Water-related features Gale Crater holds ample evidence for the presence of liquid waters on Mars in the past, a key requirement for the existence of life as we know it. Valleys and inverted channels imply water flow into and inside the crater, while hydrous minerals can tell us about the abundance of water. Valleys. The crater walls are full of valleys, leading into the crater with no apparent outlet. Several of them form branching networks, and many lead to fan-shaped features. These observations suggest that flowing water was at least one of the mechanisms eroding the crater (Anderson and Bell, 2010). Inverted channels: Many ridges interpreted as inverted channels appear on the crater floor, with width <100 meter and length reaching upward of 10 kilometers. Some of the ridges are highly sinuous, others are branching, and some are a continuation of regular, non-inverted channels, ! ! ! ! 37!

all supporting the interpretation of these ridges as inverted channels, formed by the flow of water (Anderson and Bell, 2010). Sediments: many of the minerals detected in the crater and on the mounds sides can form only in the presence of water. Among them are clay-bearing minerals, and sulfates and other salts forming under water-limited conditions. Whether these minerals where formed in-situ or carried into the crater, they not only show the existence of water, but the internal ordering of their layers, along with layers of anhydrous minerals, can help us learn about the processes of changing climate at Mars (Milliken et al., 2010). A former lake: Carbol (1997) argues that the streamlined morphology of the Gale Crater mound and its terraces show that the crater had been a lake in the past. Anderson and Bell (2010) agree that the craters features are consistent with the presence of a lake but argue that there is no conclusive evidence. An investigation by the MSL rover could help solve this question. Stratigraphy of the crater Anderson and Bell (2010) identify the various geological units of the northwestern crater floor and mound, and infer the stratigraphy of that region. This section is based on their work, and highlights some notable features.

Geological units and stratigraphy of the landing site and the mound (not to scale). (Anderson and Bell, 2010)!

The Hummocky Plains (HP) unit of the crater floor contains several sinuous ridges inverted channels that imply it was once buried and then eroded by at least the ridges current height. The inverted channels shape is consistent with slow-flowing water. A fan-shaped feature is located at the northwest of the crater within the landing ellipse, overlying the Hummocky Plains. This feature contains two units: High- and Low- Thermal Inertia Fan (HTIF and LTIF, respectively), and is interpreted as a lithified alluvial fan. Near the base of the mound, hydrous minerals are exposed in the Phyllosilicate-Bearing unit (PHY), interpreted as a thin plane of clay-bearing bedding. The Upper Mound unit (UM) is comprised of large terraced packages of fine layers, with a pattern suggestive of a lithified dune-field. If it was indeed a dune field, this implies the unit was formed ! ! ! 38!

at a time when the mound was buried (after already forming), since dune fields do not generally form on top of mounds. The uppermost layer, and possibly the youngest, is the Thin Mantle Unit (TMU), suggested by Anderson and Bell (2010) as an air fall deposit such as pyroclastic or impactgenerated dust and ash. Gale Crater contains diverse geological units representing a record of many different events: sedimentation, erosion, transport and more. Together with the thick and relatively continuous stratigraphic sequence, this makes it a fascinating site for exploration with the potential to tell us much about the history of Mars. Mars Habitability Record The diversity of the geological units in Gale Crater implies they were deposited during times of changing conditions (Anderson and Bell, 2010). The crater region was variously a water-reach environment conducive to the formation and sedimentation of clay, a water-limited, high-pH environment in which sulfate-bearing layers were formed (Edgett, 2010), and a dry place shaped by winds and sand (Anderson and Bell, 2010). These conditions are important factors in determining habitably. The record of changing conditions is potentially global in scope, as there are many other locations on Mars where features similar to those of Gale Crater are found (Anderson and Bell, 2010). In particular, the geology of Gale Crater has been shown by Le Deit et al. (2011) to have many similarities with other Equatorial Layered Deposits (ELDs). The ELDs are located within 30 of the equator in a variety of geological settings including cratered and chaotic terrains, chasmata in Valles Marineris, and impact craters such as Gale. Any inference about the history and habitability of Gale Crater may be applicable to these places as well (Anderson and Bell, 2010). One important aspect of investigating the habitability question is the ability of the examined site to preserve bio signatures. On Earth, organic material is most likely to be found in sediments deposited in low-energy, aqueous environments such as lakes and slow-flowing rivers. In particular, phyllosilicates and sulfates, both present in Gale Crater, are known to effectively preserve organics. If the past existence of a lake there is confirmed, that would increase the probability of any organics being preserved. Regardless, the fact that Gale Crater shows relatively few impact craters means its exposed surfaces are relatively fresh, implying that any bio signatures that might have been preserved are not likely to have degraded much through radiation or chemical reactions with water or atmosphere (Anderson and Bell, 2010).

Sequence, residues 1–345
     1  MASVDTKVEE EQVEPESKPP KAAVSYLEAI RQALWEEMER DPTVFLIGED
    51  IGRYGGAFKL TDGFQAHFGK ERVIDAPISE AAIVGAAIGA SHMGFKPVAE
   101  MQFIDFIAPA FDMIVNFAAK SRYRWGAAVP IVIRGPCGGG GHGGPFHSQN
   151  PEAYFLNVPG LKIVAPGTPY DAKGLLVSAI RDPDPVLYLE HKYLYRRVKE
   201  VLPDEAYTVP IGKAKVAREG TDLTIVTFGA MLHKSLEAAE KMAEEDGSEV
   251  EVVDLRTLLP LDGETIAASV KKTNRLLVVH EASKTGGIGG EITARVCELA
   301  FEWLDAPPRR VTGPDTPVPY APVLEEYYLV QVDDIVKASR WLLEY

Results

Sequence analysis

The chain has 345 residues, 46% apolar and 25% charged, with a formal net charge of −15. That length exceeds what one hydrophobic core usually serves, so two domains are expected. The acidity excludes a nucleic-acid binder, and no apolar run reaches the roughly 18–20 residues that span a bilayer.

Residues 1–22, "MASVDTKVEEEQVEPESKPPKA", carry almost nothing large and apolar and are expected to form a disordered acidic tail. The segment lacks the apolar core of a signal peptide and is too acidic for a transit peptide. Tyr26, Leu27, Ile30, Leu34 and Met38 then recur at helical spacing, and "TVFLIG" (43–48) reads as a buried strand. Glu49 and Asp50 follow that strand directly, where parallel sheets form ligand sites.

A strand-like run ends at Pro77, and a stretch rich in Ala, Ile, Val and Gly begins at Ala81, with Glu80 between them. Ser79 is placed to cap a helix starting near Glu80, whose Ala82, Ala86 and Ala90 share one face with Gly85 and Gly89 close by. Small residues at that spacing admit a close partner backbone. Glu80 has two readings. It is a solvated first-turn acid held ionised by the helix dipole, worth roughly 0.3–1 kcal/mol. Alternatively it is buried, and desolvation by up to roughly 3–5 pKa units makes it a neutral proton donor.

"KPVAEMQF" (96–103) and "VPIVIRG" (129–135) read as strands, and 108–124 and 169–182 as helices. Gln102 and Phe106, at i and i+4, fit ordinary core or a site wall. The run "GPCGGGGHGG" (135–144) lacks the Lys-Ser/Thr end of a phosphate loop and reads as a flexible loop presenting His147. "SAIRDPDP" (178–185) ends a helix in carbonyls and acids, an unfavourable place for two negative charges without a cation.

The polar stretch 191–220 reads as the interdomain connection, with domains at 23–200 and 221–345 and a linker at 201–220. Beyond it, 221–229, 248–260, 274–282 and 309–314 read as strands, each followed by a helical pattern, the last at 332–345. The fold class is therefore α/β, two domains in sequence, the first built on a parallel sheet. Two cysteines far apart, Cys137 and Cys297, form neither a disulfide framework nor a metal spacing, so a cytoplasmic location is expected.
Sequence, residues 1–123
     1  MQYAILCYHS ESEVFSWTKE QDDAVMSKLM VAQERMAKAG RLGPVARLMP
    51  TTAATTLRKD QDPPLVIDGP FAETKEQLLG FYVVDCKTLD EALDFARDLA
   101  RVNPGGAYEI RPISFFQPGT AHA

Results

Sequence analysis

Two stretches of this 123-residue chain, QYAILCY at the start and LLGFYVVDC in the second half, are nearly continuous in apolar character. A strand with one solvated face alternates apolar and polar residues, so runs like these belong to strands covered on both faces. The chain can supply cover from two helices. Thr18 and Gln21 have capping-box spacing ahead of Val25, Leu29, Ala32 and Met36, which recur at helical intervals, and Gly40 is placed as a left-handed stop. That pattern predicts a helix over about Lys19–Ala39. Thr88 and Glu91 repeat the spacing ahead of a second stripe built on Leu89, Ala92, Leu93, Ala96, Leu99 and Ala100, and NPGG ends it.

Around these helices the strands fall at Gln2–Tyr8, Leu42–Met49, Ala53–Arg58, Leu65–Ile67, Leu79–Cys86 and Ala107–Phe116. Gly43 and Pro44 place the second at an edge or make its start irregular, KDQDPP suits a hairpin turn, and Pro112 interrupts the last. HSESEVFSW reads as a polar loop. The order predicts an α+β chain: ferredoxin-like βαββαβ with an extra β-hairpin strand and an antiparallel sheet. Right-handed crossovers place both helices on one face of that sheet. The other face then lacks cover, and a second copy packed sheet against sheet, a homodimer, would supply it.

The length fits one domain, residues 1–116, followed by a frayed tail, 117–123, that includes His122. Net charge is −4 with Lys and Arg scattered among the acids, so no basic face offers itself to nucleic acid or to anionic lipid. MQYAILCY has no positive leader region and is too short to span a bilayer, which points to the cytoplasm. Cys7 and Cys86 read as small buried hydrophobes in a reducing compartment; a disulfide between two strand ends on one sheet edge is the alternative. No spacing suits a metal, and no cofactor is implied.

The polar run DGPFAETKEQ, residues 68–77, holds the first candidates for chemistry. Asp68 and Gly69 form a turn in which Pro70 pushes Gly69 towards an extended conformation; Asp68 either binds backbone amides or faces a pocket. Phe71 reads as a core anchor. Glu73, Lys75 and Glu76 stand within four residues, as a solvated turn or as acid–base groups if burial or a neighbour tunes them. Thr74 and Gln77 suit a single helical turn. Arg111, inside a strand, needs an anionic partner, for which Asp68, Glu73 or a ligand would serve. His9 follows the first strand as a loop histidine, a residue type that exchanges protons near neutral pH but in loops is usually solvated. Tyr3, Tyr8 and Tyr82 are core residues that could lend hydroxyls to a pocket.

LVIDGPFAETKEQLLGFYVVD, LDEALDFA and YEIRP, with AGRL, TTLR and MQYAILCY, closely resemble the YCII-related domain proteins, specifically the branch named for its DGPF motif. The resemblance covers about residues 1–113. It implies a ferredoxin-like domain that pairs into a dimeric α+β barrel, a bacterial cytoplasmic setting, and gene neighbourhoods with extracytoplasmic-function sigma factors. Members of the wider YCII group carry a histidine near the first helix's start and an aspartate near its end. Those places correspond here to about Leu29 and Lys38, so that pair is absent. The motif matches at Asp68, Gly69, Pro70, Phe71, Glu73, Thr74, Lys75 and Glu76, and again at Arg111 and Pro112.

Alternate Landing Sites